Caroline advised us not to keep weak colonies out of sentimentality but to bump them off, because weak colonies are more likely to be carrying viruses. You can destroy a small number of bees by having a big bowl of hot water with washing up liquid in and shaking the bees into it. The washing up liquid gets through the bees’ waxy exoskeleton.

On the saucer are bees Caroline found suffering from deformed wing virus earlier in the day.

For in-depth, official advice on varroa see the National Bee Unit Beebase website: This has a detailed 35 page pdf leaflet called ‘Managing Varroa’ available to download from, which the bee inspectors recommend all UK beekeepers read.

About Emily Scott

I am a UK beekeeper who has recently moved from London to windswept, wet Cornwall. I first started keeping bees in the Ealing Beekeepers Association’s local apiary in 2008, when I created this blog as a record for myself of my various beekeeping related disasters and - hopefully! - future successes.
This entry was posted in Disease prevention and tagged . Bookmark the permalink.

6 Responses to Bee Health Day 2: varroa control workshop

  1. stuart T says:


    I am after some actual results regarding the icing sugar treatment, and in particular if icing sugar can be used as the ONLY varroa “treatment ”

    could somebody help me on this?
    thank you


    • Emily Heath says:

      Hello Stuart,

      I’m not really the best person to ask about this, as I’ve only been beekeeping three years. If you’re based in the UK, for official expert advice you’re best off looking at the National Bee Unit Beebase website: This has a detailed 35 page pdf leaflet called ‘Managing Varroa’ which you can download from

      The old beekeepers I know who have been keeping bees 10, 20, 30 years plus all use a variety of varroa treatments depending on what’s appropriate for the time of year and how severe the infestation is. No one type of treatment is ever completely going to get rid of your mites, but probably especially not icing sugar as during spring/summer when sugar shake treatments are done most of the mites are safe inside the brood.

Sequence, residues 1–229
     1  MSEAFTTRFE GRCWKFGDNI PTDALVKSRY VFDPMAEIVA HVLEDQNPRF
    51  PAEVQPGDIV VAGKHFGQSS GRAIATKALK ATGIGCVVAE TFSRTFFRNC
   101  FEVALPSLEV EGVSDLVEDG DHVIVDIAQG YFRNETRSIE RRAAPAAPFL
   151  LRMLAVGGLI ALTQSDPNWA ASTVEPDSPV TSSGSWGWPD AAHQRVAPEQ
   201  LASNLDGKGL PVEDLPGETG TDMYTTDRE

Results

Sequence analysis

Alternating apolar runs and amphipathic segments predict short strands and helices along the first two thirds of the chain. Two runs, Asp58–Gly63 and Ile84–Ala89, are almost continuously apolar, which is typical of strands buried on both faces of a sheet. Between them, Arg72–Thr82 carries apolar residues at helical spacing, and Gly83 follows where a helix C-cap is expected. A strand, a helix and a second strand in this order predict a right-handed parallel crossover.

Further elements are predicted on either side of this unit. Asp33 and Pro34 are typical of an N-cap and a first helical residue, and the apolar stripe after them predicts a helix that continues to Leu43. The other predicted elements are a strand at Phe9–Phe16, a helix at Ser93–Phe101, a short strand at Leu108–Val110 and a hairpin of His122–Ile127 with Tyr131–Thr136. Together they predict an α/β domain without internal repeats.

The Managing Varroa booklet says Apiguard has a 90-95% efficacy rate under optimum conditions and Oxalic acid has 90% average efficacy.

      Have you been having a go with the icing sugar?


  2. Boorinakis Harper Ranch says:

    Hi Emily – how neat to find your blog! Here in Northern California, we use drone-comb removal for mites as well as sugar dusting, and we’ve had good luck with keeping our mite levels down. We just stick the frame of drone comb in the freezer for a few days, then put it back into the hive; the bees clean out the cells and reuse them, so they don’t have to build new comb from scratch.

    We have screen bottom boards in our hives, so the mites fall out the bottom instead of crawling back up and onto the bees… do you know of people doing this in the UK?

    Happy beekeeping!
    -julia b.h.


    • Emily Heath says:

      Hi Julia,

      I love reading your blog and seeing all the photos of your farm, it looks like a magical place compared to the traffic and houses I’m surrounded by here in London.

      Putting the drone brood in your freezer sounds like a good idea, clever! Most beekeepers here are using the screened mesh floors now too. Now and again I put my varroa monitoring board in on top of the floor to see how bad the mite drop is. I left it in last weekend so will be interesting to see how many are on there today.


  3. pixilated2 says:

    “This encourages the workers to groom each other, removing mites in the process.”

    I have read about this and was taught about it in my training, but no one ever explained why this worked! Makes sense. Lynda


    • Emily Heath says:

      I think Asian honey bees, having lived with varroa mites for much longer than ours, naturally groom each other more as self-defence against the mites. Our bees just need some tasty sugar to encourage them to do that…